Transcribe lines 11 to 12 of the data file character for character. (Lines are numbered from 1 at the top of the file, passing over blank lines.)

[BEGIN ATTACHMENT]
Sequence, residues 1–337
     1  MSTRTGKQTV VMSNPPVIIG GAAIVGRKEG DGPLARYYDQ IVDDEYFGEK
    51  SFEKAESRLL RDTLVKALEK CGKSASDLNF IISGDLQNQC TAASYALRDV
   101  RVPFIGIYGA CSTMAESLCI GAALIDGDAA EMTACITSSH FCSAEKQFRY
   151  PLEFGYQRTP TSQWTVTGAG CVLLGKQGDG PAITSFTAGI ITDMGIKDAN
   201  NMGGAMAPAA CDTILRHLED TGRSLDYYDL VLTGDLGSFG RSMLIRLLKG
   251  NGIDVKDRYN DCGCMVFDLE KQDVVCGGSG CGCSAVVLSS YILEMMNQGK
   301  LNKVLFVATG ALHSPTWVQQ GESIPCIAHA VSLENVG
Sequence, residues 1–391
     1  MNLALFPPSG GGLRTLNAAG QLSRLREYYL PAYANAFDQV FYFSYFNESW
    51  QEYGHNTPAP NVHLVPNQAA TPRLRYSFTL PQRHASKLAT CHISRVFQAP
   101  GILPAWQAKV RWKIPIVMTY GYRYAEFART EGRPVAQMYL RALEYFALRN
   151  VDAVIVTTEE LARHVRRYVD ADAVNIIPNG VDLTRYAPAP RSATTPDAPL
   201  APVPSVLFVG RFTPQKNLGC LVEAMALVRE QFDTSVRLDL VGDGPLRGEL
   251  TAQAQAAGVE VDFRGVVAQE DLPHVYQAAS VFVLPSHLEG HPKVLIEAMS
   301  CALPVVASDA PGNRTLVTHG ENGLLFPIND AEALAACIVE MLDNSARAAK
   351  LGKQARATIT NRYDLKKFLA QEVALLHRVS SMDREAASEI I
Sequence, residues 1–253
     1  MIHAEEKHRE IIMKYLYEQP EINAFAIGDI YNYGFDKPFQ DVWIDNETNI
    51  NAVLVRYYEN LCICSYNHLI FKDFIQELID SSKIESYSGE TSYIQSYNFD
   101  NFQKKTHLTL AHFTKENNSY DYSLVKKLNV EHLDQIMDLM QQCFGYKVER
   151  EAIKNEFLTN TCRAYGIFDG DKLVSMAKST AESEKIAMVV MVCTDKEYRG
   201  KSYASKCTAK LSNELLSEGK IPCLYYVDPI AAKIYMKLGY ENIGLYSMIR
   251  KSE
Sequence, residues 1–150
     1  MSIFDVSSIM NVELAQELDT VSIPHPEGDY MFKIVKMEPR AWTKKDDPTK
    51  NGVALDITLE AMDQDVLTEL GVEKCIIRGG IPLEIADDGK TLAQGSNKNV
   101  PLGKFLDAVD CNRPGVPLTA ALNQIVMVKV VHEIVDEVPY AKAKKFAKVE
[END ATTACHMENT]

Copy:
    51  QEYGHNTPAP NVHLVPNQAA TPRLRYSFTL PQRHASKLAT CHISRVFQAP
   101  GILPAWQAKV RWKIPIVMTY GYRYAEFART EGRPVAQMYL RALEYFALRN